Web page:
Development of Avian Contraceptive Tools
American Association of Zoo Veterinarians Conference 2006
Christi A. Yoder, PhD; Lowell A. Miller, PhD
National Wildlife Research Center, USDA/APHIS/WS, Fort Collins, CO, USA


Avian contraception is a nonlethal management tool that can be utilized for managing wild species associated with damage, or to manage reproduction in captive populations. Because management situations vary with respect to the management goal, species involved, location, and nontarget hazards, it is necessary to develop multiple contraceptive tools to allow management flexibility.

DiazaCon™ (Avitrol Corp, Tulsa, OK, USA) and nicarbazin have already been developed at the National Wildlife Research Center (NWRC) as avian contraceptives. DiazaCon™ is a cholesterol mimic with nitrogen substitutions for the hydrocarbons at positions 20 and 25. It reduces cholesterol synthesis by inhibiting the conversion of desmosterol to cholesterol, thereby reducing production of reproductive steroid hormones. Nicarbazin is an anti-coccidial drug used routinely in the poultry industry. Through adverse effects on the vitelline membrane, nicarbazin prevents hatchability. At higher dose levels, nicarbazin also interferes with the deposition of egg yolk components, causing a reduction in egg production. Although both of these are promising contraceptive agents, more are needed for a wider variety of situations.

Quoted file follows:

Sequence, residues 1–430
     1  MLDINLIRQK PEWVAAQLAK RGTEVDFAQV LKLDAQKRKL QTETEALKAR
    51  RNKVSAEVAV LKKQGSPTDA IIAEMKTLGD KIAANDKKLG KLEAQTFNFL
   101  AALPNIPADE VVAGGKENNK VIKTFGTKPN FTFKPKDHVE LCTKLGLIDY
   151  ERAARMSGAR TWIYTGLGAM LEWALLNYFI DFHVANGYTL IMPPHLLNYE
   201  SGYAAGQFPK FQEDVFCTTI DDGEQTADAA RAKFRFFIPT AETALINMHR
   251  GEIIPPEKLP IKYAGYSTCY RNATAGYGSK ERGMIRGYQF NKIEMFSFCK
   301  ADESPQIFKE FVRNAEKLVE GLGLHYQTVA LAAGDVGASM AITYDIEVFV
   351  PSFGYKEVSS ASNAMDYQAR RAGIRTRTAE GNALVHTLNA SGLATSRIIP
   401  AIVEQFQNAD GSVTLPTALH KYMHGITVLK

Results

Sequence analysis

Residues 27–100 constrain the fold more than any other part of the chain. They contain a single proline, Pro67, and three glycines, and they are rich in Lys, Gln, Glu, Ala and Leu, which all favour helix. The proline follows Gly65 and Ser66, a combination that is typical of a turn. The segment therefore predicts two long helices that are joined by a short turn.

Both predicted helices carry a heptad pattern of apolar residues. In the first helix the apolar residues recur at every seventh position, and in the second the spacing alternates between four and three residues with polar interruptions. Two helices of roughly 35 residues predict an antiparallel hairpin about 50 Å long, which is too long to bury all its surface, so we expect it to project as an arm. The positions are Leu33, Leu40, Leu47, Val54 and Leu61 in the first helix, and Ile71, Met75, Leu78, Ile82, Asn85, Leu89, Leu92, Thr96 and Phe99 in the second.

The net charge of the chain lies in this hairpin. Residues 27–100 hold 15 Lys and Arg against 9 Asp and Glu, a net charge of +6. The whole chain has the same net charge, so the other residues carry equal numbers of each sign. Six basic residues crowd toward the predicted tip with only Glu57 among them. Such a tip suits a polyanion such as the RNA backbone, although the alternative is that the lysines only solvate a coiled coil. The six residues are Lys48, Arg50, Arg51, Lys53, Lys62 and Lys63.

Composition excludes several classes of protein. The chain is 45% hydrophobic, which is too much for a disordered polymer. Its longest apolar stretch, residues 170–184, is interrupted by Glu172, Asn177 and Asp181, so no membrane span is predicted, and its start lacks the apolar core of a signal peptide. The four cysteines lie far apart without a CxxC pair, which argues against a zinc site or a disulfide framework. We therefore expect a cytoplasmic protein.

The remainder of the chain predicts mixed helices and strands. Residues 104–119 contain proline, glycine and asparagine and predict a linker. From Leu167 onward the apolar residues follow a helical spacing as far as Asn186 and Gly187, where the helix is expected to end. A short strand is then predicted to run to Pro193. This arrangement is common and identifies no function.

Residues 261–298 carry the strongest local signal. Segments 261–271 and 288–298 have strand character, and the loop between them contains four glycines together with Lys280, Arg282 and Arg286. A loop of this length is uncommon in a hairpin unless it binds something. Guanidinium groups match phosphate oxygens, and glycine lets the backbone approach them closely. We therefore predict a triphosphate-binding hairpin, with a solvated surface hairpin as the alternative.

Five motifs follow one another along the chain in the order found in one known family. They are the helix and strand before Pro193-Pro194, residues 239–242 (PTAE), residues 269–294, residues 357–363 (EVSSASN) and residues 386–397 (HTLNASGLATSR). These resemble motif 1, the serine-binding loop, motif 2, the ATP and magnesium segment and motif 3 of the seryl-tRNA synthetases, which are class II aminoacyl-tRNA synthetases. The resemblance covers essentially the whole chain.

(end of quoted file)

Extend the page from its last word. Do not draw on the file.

Past research at NWRC has focused on other cholesterol inhibitors, inhibitors of the P450 side chain cleavage enzyme, aromatase inhibitors, and melatonin. Future research will focus on natural products with contraceptive activity. These may include plant products containing high concentrations of phytosterols, phytoestrogens, saponins, and anti-gonadotropic compounds.

When choosing compounds to test as potential avian contraceptives, the ultimate goal of registration must be kept in mind. Adverse health effects, longevity in the environment, and secondary hazards must all be considered. Registration requirements should be kept in mind when designing efficacy studies.


Speaker Information
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Christi A. Yoder, PhD
National Wildlife Research Center
Fort Collins, CO, USA

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